• FIRST Tech Challenge: For grades 7-12. Big scholarship prizes at stake.

FTC is designed for students in grades 7-12 to compete head to head, using a sports model. Teams are responsible for designing, building, and programming their robots to compete in an alliance format against other teams. The robot kit is reusable from year-to-year and is programmed using a variety of languages. Teams, including coaches, mentors and volunteers, are required to develop strategy and build robots based on sound engineering principles. Awards are given for the competition as well as for community outreach, design, and other real-world accomplishments.

The varsity Sport for the MindTM, FRC combines the excitement of sport with the rigors of science and technology. Under strict rules, limited resources, and time limits, teams of 25 students or more are challenged to raise funds, design a team “brand,” hone teamwork skills, and build and program robots to perform prescribed tasks against a field of competitors.  It’s as close to “real-world engineering” as a student can get. Volunteer professional mentors lend their time and talents to guide each team.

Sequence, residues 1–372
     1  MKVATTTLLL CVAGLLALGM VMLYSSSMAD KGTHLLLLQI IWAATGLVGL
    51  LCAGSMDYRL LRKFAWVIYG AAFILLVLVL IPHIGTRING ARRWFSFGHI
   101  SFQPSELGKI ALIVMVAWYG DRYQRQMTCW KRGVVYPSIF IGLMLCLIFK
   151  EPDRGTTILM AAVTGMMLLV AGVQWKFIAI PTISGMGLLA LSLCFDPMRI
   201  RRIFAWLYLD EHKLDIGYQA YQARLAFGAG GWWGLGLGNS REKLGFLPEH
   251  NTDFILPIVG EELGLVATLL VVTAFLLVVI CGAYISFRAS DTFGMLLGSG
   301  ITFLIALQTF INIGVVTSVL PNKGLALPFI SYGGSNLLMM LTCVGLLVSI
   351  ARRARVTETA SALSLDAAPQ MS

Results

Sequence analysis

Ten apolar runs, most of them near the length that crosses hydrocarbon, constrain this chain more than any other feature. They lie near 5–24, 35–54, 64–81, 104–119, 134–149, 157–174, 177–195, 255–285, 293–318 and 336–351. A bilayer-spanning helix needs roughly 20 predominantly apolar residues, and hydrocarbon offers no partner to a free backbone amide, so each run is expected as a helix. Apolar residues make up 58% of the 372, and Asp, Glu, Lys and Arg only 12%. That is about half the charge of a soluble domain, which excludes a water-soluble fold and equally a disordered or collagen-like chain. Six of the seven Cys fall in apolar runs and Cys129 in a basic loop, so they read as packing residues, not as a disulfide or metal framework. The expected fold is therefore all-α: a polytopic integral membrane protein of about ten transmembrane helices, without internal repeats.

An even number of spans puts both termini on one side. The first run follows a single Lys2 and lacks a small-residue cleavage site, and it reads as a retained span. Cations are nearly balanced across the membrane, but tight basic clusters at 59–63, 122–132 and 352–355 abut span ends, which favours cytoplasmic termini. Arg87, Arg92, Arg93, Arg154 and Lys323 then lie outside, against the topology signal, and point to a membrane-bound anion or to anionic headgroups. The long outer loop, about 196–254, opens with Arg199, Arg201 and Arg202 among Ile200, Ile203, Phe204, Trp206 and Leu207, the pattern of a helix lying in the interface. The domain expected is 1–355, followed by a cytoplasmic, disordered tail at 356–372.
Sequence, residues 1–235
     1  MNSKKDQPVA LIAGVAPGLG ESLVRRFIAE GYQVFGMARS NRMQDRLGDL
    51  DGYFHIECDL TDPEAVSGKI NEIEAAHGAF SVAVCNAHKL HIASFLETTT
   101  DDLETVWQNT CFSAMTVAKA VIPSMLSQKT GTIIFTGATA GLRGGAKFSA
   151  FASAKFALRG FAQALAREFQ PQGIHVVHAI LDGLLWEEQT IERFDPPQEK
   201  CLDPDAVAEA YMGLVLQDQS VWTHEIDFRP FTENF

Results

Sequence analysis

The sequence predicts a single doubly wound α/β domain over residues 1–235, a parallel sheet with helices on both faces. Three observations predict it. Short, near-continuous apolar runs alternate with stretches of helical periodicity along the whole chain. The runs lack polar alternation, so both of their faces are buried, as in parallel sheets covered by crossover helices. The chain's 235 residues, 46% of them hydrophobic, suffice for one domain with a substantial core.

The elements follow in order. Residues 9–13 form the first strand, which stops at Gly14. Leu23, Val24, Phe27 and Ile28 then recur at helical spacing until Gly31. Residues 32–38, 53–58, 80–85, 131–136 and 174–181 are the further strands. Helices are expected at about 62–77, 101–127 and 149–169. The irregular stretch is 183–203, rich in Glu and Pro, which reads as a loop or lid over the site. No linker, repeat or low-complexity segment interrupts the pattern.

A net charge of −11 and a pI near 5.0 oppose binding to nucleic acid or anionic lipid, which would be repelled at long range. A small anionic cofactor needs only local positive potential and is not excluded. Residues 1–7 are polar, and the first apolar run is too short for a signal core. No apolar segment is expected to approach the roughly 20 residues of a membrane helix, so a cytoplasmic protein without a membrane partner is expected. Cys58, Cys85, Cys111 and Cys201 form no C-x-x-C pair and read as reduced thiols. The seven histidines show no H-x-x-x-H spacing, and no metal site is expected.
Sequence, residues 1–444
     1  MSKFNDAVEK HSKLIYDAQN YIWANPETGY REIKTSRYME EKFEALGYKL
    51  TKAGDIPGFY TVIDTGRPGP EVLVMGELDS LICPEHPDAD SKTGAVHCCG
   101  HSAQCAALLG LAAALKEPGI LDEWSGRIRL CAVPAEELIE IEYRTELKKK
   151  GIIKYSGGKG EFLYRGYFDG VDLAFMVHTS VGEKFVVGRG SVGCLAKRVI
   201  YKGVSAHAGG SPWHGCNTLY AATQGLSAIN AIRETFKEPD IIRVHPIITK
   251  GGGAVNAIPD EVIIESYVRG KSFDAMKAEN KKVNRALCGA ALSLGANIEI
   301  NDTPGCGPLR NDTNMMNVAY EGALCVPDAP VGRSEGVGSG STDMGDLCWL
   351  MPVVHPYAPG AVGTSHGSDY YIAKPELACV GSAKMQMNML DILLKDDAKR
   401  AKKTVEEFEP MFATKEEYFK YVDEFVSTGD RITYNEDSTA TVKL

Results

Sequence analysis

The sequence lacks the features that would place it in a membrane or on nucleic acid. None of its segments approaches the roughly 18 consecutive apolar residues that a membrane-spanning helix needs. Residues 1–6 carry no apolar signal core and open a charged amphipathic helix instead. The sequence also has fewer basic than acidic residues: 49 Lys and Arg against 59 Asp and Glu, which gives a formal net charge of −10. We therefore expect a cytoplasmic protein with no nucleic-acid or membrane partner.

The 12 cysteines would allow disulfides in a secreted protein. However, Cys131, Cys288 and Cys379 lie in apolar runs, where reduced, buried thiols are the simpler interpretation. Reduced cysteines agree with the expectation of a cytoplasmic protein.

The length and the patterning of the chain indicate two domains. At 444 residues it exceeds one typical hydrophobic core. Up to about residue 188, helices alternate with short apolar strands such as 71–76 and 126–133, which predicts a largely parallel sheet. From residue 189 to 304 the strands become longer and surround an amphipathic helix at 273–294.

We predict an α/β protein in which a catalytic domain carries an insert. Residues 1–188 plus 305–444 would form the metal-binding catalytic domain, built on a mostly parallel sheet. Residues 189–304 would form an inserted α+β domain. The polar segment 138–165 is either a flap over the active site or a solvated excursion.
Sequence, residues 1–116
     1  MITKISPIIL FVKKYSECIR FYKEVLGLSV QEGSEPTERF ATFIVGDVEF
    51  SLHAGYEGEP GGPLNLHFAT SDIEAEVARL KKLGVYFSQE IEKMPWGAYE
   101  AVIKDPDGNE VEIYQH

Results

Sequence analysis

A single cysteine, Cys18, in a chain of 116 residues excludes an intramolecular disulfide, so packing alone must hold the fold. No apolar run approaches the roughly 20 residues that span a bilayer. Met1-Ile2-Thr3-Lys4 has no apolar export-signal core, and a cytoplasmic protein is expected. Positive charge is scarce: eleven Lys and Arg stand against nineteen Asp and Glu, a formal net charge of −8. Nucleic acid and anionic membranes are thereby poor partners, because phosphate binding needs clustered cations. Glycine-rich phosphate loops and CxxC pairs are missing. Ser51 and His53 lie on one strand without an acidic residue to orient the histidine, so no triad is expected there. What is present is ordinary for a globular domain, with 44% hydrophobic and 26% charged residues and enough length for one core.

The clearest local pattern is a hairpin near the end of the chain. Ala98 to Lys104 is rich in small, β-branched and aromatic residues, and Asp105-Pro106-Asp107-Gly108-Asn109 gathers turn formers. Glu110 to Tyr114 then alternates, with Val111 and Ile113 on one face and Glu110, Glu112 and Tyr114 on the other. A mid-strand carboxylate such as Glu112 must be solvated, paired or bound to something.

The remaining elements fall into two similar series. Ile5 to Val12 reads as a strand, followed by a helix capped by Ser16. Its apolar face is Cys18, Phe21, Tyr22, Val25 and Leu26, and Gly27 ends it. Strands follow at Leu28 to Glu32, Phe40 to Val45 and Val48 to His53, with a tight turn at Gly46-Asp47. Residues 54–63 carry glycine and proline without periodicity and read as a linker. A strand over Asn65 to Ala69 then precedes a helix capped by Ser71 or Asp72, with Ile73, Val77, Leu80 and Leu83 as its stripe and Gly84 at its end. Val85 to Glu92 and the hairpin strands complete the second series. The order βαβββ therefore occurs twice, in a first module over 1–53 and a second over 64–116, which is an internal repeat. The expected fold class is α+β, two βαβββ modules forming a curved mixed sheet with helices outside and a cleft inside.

5. 3M/Discovery Young Scientist Challenge (2015 event coming soon)

  • U.S. students in grades 5-8
  • To enter, students need to submit a 1-2 minute video which describes a new innovation or solution that could solve or impact an everyday problem related to: [1] the way we move; [2] the way we keep ourselves healthy; or [3] the way we make a difference. {These topics may change for this year’s Challenge.}
  • Ten finalists will be mentored by 3M scientists and win a trip to 3M headquarters in Minnesota